Top News

RUSSELL WANGERSKY: Trash talk and bad judgment

Provincial Health Officer Dr. Bonnie Henry
B.C. Provincial Health Officer Dr. Bonnie Henry - Herman Thind/BuzzMachine Media

Am I surprised? No.

Discouraged? Yes.

Tuesday, Dr. Bonnie Henry, a calm, measured voice of public health in British Columbia during the COVID-19 pandemic, revealed she and her staff have been the subject of abuse, harassment — and she’s even received death threats and now has security at her home.

A clearly sincere, professional and measured voice in these times of trouble, Henry is hardly the kind of person you’d think would be receiving that kind of abuse. She didn’t make the pandemic, she’s merely trying to exercise the best methods possible to deal with it.

You can understand that there’s frustration: that the decisions that Henry presents have real-world effects not only on the spread of COVID-19, but on businesses and livelihoods as well. You might even understand why that frustration might make a small handful of people completely lose their cool

But I think that’s only a small part of it.

It’s no longer enough to disagree with a political opponent. No, now they have to be insulted, belittled and shouted down. Sneered at. Made fun of — and all of it rolling in the blink of an eye, as fast as you can type it.

Distance, anonymity and ease play a big role, too. It’s far easier to insult someone when you’re not doing it to their face, but instead get to hide behind some anonymous computer handle. It’s easier still when all you have to do is sit down and immediately start typing away when you’re particularly enraged about something. One thing that would help everyone right now? If social media had an automatic cooling-off period built into every post, so you could actually think about what you were shouting.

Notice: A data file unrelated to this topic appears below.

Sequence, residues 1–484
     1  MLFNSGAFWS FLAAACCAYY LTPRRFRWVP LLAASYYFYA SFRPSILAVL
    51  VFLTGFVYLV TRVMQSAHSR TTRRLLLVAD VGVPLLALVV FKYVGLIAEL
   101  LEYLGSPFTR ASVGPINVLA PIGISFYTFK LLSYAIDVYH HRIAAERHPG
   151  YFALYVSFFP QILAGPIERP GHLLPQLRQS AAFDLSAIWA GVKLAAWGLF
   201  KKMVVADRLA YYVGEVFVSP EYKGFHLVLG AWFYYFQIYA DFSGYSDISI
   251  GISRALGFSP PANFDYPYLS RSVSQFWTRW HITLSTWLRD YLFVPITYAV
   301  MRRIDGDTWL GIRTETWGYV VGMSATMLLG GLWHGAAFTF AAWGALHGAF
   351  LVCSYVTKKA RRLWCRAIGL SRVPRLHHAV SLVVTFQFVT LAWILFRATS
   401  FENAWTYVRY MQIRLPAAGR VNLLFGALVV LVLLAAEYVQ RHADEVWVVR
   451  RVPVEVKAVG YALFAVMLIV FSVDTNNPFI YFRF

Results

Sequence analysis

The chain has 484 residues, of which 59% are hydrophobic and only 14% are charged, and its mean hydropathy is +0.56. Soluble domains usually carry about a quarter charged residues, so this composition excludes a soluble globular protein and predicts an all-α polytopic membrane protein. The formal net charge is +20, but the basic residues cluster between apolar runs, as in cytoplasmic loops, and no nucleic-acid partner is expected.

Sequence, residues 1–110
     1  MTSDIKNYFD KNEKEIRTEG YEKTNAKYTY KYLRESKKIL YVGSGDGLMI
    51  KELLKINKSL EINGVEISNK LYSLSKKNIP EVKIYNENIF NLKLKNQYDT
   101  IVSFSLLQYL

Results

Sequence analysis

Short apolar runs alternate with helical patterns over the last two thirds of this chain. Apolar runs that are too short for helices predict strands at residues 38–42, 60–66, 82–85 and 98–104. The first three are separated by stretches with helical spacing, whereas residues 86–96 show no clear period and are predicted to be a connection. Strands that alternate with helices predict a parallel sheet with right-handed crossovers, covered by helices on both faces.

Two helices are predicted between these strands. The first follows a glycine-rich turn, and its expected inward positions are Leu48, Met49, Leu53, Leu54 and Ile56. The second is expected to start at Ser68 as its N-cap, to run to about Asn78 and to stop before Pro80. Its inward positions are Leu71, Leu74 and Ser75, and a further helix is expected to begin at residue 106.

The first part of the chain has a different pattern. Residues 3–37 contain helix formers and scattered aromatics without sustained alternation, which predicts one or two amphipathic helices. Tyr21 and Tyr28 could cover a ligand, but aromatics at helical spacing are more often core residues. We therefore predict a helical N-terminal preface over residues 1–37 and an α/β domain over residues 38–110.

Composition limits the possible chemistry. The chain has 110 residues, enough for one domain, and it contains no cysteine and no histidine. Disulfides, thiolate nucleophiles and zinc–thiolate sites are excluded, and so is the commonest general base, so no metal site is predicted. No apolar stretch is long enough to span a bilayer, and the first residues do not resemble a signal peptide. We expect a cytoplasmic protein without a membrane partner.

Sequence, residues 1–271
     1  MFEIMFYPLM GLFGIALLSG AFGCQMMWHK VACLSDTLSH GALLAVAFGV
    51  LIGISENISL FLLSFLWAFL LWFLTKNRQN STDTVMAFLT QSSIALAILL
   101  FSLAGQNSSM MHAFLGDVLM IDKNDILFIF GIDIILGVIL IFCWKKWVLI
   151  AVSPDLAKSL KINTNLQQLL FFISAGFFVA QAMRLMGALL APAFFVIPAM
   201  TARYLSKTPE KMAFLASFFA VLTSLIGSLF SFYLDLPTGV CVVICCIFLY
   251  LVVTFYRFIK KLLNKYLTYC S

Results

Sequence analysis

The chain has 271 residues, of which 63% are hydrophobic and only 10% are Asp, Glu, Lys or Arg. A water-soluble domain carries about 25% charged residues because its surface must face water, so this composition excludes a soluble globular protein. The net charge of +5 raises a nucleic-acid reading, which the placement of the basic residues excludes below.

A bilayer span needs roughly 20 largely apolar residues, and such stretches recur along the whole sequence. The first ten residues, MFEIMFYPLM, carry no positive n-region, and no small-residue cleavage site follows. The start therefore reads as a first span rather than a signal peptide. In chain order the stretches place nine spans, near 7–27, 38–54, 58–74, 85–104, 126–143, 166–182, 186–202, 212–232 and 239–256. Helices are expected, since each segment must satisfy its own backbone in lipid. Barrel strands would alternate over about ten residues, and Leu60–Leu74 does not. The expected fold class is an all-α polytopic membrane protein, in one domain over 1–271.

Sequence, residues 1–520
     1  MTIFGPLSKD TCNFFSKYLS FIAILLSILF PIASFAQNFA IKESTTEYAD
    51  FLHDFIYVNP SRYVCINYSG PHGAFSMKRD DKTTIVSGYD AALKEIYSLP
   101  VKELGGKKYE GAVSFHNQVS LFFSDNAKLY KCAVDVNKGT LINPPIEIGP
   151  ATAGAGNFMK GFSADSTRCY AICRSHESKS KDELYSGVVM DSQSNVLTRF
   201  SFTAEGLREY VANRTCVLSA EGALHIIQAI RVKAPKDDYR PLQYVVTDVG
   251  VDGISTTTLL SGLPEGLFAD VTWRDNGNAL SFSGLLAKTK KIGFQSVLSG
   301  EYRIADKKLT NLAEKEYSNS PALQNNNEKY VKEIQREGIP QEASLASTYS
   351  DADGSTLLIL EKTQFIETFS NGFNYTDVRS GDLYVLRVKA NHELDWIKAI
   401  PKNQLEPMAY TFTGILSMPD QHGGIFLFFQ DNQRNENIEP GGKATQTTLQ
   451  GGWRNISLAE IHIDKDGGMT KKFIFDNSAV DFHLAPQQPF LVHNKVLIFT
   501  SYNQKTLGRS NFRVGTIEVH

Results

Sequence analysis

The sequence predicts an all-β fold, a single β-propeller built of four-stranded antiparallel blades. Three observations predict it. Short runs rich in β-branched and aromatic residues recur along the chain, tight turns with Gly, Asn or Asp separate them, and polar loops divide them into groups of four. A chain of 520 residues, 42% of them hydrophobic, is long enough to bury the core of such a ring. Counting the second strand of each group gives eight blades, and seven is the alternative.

But I think the biggest single factor — beyond, that is, an ingrained misogyny in some parts of the male population who find successful women particularly threatening — is the overall coarsening of public discourse.

It’s no longer enough to disagree with a political opponent. No, now they have to be insulted, belittled and shouted down. Sneered at. Made fun of — and all of it rolling in the blink of an eye, as fast as you can type it.

A lot of that comes from the south of us — from the ever-present dumpster fire that is American politics right now. You can say that people are paying too much attention to American politics — that would be true, if it wasn’t for the fact that the method and style of politic discourse, advertising, and even the now-common disdain between American political opponents (a disdain that’s occurring from both sides of American politics) is now bleeding into Canadian politics as well.

If you don’t study the symptoms, you don’t have much chance of dealing with the disease when it arrives at your door.

And we have to deal with it, or else be prepared to suffer through it.

And that brings me back to Henry. She’s been thorough, she’s been compassionate, and she’s taken the time to explain the steps that B.C. public health system is taking. You can’t really ask for more than that — so what’s to be gained by heaping on the abuse.

Never forget that experts and skilled professionals have plenty of options. When enough offensiveness or threatening language comes their way, they may burn out, or just simply decide that they don’t need the hassle any more.

You may get someone just as good — you may not. Or you may get an incompetent blowhard who thinks they know everything already, doesn’t bother reading any briefing materials, and makes their decisions based on what way they think the latest prevailing winds are blowing — all the while patting themselves on the back for their own brilliance.

And everyone’s seen how that ends up for the general public during a pandemic. (Here’s a hint — it’s also south of the border.)

Russell Wangersky’s column appears in SaltWire newspapers and websites across Atlantic Canada. He can be reached at russell.wangersky@thetelegram.com — Twitter: @wangersky.

RELATED:

Did this story inform or enhance your perspective on this subject?
1 being least likely, and 10 being most likely

Recent Stories